I had been teaching a class at a local university for about seven years. It was an undergraduate program where I was teaching three-credit classes. And it was all about open technologies, collaboration, and so on. As I was teaching things around open source tech, I was not going to use the school’s content management system which involved both, a restricted access only to registered students etc.
So, I placed all of the contents on a public wiki resource. All of these happened in the days before MOOCs were beginning to happen and the various universities around the world started putting their materials into publicly accessible sites.
The tools to make things available publicly are trivially available today. It takes a little bit of discipline to get into doing things in the open. You can start by creating and writing blog posts. These posts are primarily for you as a way to document what you do/think about etc. I blog as a means to have a conversation with myself (and also to remind me of tips and tricks of stuff I need to work on).
Have you ever faced challenges in the open source world?
I think they’ll always be challenging. Did I face anything personally? No. The challenge that I think faces everyone, especially with open source contributions, will be burnout. People will be tired. So when I established the Singapore Linux user group in 1993, a few months before Red Hat itself was established itself, we were running monthly meetings. We did that for many years and it was getting to be exciting times which prompted LUGS to consider, in 1999, to run a conference which we called the Singapore Linux Conference. We had a lot of people show up. It was in March 1999, and then we ran it in 2002, and yeah, it was just quite interesting. There’s a lot of interest in participation.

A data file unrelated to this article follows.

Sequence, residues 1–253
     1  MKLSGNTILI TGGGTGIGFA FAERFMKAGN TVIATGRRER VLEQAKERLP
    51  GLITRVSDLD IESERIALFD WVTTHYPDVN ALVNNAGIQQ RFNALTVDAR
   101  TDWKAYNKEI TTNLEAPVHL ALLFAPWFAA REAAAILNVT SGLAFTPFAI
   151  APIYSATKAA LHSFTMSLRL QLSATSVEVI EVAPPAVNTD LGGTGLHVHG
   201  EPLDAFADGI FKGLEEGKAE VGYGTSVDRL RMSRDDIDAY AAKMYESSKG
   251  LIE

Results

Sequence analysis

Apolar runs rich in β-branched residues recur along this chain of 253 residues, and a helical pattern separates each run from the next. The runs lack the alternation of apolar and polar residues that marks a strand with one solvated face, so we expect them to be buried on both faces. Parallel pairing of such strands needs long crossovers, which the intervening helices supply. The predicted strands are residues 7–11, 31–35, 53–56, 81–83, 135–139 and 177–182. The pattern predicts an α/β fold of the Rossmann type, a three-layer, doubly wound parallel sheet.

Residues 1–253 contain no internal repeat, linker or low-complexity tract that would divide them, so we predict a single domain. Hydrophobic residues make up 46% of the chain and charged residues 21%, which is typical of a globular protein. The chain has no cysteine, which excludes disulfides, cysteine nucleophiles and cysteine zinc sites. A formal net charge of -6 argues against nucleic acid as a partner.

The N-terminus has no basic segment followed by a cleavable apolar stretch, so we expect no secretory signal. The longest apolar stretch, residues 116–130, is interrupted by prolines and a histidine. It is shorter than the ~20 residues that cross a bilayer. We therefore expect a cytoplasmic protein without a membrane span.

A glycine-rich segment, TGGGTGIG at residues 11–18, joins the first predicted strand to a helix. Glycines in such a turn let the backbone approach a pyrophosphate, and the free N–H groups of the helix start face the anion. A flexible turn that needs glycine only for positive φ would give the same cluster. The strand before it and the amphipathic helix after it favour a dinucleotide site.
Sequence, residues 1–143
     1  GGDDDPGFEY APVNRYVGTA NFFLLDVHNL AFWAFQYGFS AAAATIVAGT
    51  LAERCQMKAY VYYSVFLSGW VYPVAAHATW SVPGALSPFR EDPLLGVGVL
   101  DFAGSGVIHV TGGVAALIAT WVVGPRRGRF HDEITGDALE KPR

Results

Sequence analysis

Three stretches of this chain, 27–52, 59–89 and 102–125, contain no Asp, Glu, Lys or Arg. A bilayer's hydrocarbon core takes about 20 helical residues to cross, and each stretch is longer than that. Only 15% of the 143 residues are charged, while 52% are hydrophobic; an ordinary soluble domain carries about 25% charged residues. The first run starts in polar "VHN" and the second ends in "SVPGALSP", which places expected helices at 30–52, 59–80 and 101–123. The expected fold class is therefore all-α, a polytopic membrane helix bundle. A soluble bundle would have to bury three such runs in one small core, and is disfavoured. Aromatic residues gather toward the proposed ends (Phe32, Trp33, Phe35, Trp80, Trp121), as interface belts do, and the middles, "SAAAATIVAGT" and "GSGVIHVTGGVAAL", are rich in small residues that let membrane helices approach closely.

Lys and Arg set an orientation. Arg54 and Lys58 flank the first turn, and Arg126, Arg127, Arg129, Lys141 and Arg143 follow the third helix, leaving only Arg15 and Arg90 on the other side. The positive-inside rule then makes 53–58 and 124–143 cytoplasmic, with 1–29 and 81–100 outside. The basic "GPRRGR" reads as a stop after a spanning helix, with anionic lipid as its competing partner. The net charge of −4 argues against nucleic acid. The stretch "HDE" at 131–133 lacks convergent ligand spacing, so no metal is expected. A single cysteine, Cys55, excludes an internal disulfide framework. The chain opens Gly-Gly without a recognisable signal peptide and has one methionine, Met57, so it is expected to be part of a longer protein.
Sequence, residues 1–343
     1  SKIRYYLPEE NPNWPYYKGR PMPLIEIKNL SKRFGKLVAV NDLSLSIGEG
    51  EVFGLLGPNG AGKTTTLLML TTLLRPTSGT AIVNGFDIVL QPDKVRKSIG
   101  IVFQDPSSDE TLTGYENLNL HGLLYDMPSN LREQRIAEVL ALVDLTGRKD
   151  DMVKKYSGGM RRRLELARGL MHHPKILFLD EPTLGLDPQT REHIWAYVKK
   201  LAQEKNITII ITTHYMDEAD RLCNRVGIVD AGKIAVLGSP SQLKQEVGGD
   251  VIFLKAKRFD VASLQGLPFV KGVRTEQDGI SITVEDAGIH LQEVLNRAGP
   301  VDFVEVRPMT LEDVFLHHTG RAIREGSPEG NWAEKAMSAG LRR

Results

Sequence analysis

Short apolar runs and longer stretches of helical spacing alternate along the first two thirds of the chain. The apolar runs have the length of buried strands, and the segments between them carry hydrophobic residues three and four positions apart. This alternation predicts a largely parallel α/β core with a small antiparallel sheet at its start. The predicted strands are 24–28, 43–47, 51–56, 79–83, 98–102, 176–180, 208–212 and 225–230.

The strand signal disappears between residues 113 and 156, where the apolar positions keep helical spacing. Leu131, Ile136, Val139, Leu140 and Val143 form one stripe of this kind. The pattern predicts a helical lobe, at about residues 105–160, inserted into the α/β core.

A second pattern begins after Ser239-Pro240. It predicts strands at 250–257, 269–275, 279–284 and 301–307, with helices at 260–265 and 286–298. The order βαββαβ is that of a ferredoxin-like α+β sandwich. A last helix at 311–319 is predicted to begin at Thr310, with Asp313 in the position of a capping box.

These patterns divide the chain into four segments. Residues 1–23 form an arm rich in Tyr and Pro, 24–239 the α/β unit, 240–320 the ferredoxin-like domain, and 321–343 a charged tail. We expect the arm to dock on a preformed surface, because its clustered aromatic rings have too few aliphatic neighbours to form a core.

While these activities are great to build awareness and interest, it is still a big challenge to get people to volunteer. User groups are driven by volunteers. Sustaining it is NOT an easy task. You need to have succession. You need to have the next generation come in, take it and do whatever it is. Succession is a huge problem no matter where it occurs in any organization including in open-source projects. The Singapore Linux Users’ Group turned out to be a crucible. It started off with the Linux perspective. And then, eventually, so many other things like PHP, Python, Java, various other technologies started becoming interesting which drove interest and the splintering of attention and volunteer time in older groups. These are, in some sense, the price of success and it is fine.
So you’ll find there’s a very rich community of contributors in many different areas. But again, it goes back to the same fundamental problem: How do you sustain it? The sustaining part is the biggest challenge.
Open source groups/projects are not an exception to these challenges. One major benefit of open source projects, when it fails, is that whatever code was cut will always be there for the taking (assuming the right licenses were applied). Someone somewhere will take it and run with it.
One way to ensure some form of digital posterity is to send the contents - code etc - to archive.org. I do support archive.org through donations and other means so that it continues to exist for as long as possible. That’s a part of sustainability that not enough attention is given to.
Can you recommend any unconventional open source contributors you admire?
You may want to talk to Daniel Veillard while he is in France. He was one of the early contributors to XML. I would suggest that you speak with him because he has his own perspective and I think that these days, driving XML standards has been very critical to many of the things that we see today.
Harish, I appreciate you so much for taking the time to share your experience and viewpoint on open source contributions. I have learned lots of things from our conversation, and I hope that it will be helpful to our readers. Thank you so much!
I will leave you all with my favorite takeaway from this interview..
It takes a little bit of discipline to get into doing things in the open.
Harish has been in the technology industry (Internet, Software, Hardware, Wireless) for about 40 years. He is also a mentor to startups, educator to the next generation of engineers and makers. He has been a board member of international organizations (Internet Society) and also board member of businesses in Singapore and the US. He lives in Singapore with his family. He can be reached out on LinkedIn or via Twitter.
This blog post is part of the August edition of UnconventionalContributors, our monthly interview series about different ways to contribute to opensource. Don’t forget to check out the next one featuring Geoff Burke, Senior Cloud Solutions Architect at Tsunati.
Have a story to share? We’d be delighted to get in touch and discuss sharing your story. We are also open to suggestions for new content that will foster the community’s growth.
We’ll see you all in the next one. Till then, Happy contributing!👋🏻